Hello friends. I’ve always had a soft spot for OS Winery. The first bottle I had was the 2003 OS Ulysses, and I consumed most of it in the sauna at The Sleeping Lady in Leavenworth (Washington’s Bavarian paradise!).
(Let me pause here and say that, among the worst possible places to consume a big red wine, a sauna has to be in the top five. Drinking wine while shvitzing is a *terrible* idea that I have not repeated since.)
Rob Sullivan (the ‘S’ in OS) was among the first to review the Full Pull business plan back when this venture was a glimmer in my eye. An OS wine (2004 Ulysses) was the fifth wine we ever offered through Full Pull, way back on October 14, 2009.
Back in those days, BSH (which officially stands for the initials of Rob’s grandson and unofficially stands for BrickShitHouse) retailed for $38. Today we’re able to offer it for considerably less:
Wine Spectator (Harvey Steiman): “[REVIEW TEXT WITHHELD]. 91pts.”
OS has been going through some changes recently. Bill Owen (the ‘O’) is no longer with OS, and beginning with the 2013 harvest, Scott Greer of Sheridan Vineyard will be the consulting winemaker. OS sources a good amount of fruit from Sheridan, so this seems like a good fit going forward.
For now, though, we have access to a lovely bottle of 2009 Cabernet, at a tariff rarely seen for the vineyards involved: Champoux, Ciel de Cheval, Sheridan, Klipsun, Dineen. There’s 15% Cabernet Franc and 8% Merlot in the mix as well, and it starts with a deep nose of crème de cassis and black cherry. The palate sees densely packed layers of fruit – berry, cherry, even suggestions of stone fruit like peach and nectarine – surrounded by wonderful graphite minerality and a dusting of high-cacao chocolate. There’s savory beetroot here, barrel nuance of espresso; the list goes on. It’s a complex beauty, and in the fleshy 2009 vintage – which has produced plenty of dullards – it’s a real standout, unusual for its seriousness, its structure, its depth of character. I expect it will continue to unfurl beautifully in the coming years.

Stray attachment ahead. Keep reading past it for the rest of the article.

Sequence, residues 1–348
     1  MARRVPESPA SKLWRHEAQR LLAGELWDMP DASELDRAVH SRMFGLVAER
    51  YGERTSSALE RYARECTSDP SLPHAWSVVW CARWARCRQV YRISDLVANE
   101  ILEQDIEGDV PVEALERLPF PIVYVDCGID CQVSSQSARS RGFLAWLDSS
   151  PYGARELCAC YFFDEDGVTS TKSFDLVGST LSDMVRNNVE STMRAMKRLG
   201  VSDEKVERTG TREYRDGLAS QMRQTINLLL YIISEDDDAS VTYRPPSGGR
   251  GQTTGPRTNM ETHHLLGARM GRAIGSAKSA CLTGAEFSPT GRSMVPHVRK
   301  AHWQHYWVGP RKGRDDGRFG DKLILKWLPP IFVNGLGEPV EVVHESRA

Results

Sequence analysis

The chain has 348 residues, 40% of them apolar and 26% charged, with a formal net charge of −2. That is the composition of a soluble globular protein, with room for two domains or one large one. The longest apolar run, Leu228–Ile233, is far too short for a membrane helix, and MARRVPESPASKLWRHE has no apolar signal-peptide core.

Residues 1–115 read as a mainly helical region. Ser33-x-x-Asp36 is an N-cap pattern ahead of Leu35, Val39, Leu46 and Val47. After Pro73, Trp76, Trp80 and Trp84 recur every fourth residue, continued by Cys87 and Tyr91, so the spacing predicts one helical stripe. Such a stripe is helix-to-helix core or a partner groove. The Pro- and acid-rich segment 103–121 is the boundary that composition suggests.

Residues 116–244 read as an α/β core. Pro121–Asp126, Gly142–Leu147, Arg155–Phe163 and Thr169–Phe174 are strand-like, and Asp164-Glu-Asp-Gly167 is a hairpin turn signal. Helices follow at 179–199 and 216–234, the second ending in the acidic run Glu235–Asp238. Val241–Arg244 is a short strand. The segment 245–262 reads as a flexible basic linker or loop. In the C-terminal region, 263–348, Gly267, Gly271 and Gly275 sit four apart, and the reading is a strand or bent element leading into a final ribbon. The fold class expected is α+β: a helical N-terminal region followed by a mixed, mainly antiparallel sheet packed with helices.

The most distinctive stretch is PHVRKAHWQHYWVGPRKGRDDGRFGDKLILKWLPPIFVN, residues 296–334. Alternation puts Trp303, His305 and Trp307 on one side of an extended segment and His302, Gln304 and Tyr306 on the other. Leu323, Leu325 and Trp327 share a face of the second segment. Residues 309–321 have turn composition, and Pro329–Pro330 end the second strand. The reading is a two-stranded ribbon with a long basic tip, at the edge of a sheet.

I doubt we’re the only ones with access to this price drop, and at total production of 160 cases, I can’t imagine this will be around for long. But for now, let’s open it up: first come first served up to 24 bottles, and the wine should arrive in about a week, at which point it will be ready for pickup or shipping during the next temperature-appropriate shipping window.